Forum for Science, Industry and Business

Sponsored by:     3M 
Search our Site:

 

Stony Brook University Geosciences Researchers Re-Establish the Structure of Magnesium Borohydride

17.12.2012
An international team led by Xiang-Feng Zhou and Artem R. Oganov, PhD, theoretical crystallographers in the Department of Geosciences and Department of Physics and Astronomy at Stony Brook University, have established the structure of one of the most important high-energy-density materials, magnesium borohydride or Mg(BH4)2. Their findings, “First-Principles Determination of the Structure of Magnesium Borohydride,” have been published in the December 13 edition of Physical Review Letters.
“Experimental crystal structure determination is often viewed as a routine task with a guaranteed correct result, but we successfully challenged the ‘experimental’ structure of ä-Mg(BH4)2 ,” said Zhou. “This material contains nearly 15 wt. % hydrogen, which makes this an important energy material,” added Oganov.

Structures of several modifications of Mg(BH4)2 were known from high-quality powder diffraction data, a rather standard method for determining crystal structures of materials. Researchers used Prof. Oganov’s breakthrough evolutionary method for crystal structure prediction, aiming to find the most stable structures of Mg(BH4)2 at different conditions.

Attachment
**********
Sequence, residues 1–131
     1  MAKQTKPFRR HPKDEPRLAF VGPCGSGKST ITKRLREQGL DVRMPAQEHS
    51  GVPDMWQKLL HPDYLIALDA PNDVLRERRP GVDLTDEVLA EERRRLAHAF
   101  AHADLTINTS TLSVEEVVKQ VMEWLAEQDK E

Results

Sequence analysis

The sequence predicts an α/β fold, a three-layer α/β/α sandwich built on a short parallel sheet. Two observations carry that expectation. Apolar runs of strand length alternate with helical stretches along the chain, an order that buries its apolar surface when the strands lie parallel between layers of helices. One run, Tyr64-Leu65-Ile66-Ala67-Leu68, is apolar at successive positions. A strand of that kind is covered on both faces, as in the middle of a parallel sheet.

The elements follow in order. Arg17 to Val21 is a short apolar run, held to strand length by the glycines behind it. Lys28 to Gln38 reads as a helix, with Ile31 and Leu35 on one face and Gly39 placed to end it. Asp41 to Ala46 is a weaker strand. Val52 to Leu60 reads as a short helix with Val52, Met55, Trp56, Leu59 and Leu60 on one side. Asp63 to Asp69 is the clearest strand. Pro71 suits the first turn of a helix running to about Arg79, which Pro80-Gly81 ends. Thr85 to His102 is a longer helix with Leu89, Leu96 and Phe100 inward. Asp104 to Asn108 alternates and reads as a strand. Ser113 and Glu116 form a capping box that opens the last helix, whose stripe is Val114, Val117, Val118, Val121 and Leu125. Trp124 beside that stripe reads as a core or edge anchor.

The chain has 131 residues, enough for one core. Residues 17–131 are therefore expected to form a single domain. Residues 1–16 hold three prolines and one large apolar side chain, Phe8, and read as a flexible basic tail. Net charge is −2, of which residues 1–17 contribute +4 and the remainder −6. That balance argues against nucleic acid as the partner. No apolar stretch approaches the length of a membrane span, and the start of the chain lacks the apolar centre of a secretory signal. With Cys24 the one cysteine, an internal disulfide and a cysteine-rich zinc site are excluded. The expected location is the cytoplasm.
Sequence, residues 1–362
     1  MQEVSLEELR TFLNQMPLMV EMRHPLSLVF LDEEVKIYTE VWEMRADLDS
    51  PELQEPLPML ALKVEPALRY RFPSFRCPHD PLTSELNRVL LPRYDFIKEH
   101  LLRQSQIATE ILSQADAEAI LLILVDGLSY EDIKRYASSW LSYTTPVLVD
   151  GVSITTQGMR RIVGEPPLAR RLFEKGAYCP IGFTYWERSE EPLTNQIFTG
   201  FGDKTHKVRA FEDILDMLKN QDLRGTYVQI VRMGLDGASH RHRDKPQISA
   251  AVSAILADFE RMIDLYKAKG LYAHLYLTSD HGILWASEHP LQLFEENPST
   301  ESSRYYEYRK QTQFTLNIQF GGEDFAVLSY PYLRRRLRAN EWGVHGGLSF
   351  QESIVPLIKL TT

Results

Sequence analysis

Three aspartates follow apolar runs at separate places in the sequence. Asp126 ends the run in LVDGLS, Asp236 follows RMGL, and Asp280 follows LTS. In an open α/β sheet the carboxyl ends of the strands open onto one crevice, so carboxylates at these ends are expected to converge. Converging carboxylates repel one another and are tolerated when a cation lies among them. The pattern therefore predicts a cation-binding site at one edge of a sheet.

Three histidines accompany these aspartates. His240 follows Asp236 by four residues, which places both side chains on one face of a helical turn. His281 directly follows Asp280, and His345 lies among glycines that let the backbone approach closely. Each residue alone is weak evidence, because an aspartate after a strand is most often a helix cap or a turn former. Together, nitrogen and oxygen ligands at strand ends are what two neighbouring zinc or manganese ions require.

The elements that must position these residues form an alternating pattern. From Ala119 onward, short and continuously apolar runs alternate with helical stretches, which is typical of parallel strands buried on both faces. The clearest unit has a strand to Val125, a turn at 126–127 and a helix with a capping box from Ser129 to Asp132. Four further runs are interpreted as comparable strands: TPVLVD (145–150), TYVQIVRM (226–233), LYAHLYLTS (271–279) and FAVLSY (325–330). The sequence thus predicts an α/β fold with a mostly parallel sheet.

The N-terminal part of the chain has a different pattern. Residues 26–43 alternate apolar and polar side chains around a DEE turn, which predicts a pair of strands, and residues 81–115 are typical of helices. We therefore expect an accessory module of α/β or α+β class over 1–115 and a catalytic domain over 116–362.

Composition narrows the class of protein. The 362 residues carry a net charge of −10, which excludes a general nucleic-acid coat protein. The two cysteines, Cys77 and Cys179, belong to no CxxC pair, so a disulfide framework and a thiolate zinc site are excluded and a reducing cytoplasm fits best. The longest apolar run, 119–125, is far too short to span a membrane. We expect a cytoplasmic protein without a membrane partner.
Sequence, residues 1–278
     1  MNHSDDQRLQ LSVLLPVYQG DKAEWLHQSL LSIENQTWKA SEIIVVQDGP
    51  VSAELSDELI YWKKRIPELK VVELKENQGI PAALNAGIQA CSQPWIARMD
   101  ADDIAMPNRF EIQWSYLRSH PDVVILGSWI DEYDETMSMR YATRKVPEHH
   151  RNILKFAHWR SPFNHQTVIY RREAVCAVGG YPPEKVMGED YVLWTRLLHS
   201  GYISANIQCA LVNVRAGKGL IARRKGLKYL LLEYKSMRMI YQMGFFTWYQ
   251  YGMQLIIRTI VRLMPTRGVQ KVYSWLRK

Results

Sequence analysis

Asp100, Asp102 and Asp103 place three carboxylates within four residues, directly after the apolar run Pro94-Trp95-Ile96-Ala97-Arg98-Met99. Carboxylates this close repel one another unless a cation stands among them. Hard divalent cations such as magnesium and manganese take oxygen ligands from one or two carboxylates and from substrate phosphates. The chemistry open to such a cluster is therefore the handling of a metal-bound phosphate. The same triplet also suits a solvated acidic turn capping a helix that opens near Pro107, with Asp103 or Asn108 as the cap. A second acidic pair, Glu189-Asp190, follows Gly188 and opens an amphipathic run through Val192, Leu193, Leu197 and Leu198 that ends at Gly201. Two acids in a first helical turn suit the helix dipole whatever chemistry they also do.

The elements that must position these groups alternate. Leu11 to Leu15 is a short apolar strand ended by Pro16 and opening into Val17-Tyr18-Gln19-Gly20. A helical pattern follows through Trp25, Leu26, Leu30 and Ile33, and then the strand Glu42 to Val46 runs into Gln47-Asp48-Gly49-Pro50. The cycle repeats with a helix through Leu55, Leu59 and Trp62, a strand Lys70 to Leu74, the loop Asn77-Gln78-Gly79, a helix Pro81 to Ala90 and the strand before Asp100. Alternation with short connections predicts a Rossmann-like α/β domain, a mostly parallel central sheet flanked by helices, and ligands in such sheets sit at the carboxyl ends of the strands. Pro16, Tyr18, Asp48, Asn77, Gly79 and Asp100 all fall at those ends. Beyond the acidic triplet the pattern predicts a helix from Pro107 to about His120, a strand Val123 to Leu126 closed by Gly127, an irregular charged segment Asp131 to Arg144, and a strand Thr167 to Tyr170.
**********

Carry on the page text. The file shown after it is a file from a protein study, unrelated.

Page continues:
To Zhou’s surprise, among the theoretically predicted structures he did not find the structure earlier proposed by experimentalists for the ä-phase. He then investigated the experimental structural model and found it to be very unfavorable compared to the theoretically predicted models. Even worse, the “experimental” structure was found to be unable to sustain its own lattice vibrations - predicted to fall apart as a result of atomic thermal motion. This indicates that the “experimental” structure is absolutely impossible – even as a metastable state.

Comparing the diffraction patterns of the theoretically predicted structure with experiments, Zhou realized that there is a perfect match. Subsequently, he found yet another structure that matches experimental data. Thus, there are at least three completely different crystal structures that match experimental diffraction data, but one of them – the one claimed by experimentalists – has been ruled out. The other two structures were shown to explain another mystery - the existence of two almost indistinguishable phases called ä and ä’ (previous experiments were unable to propose any solution for the latter). Zhou and colleagues determined the structures of these phases to have symmetries I41/acd and P-4.

“It is indeed surprising that experimental work, based on high quality data, failed to correctly solve these simple and highly symmetric crystal structures, containing only six non-hydrogen atoms,” said Zhou. “We were also surprised to see completely different structures having identical diffraction patterns. In such situations, which may be more common than we expect, theoretical structure searching will play a major role.”

“Crystal structure is the basis for understanding the behavior of materials,” said Oganov. “The possibility to predict crystal structures is a major breakthrough of our time and will prove crucial for the future discovery of new materials.”

| Newswise
Further information:
http://www.stonybrook.edu

More articles from Physics and Astronomy:

nachricht Measured for the first time: Direction of light waves changed by quantum effect
24.05.2017 | Vienna University of Technology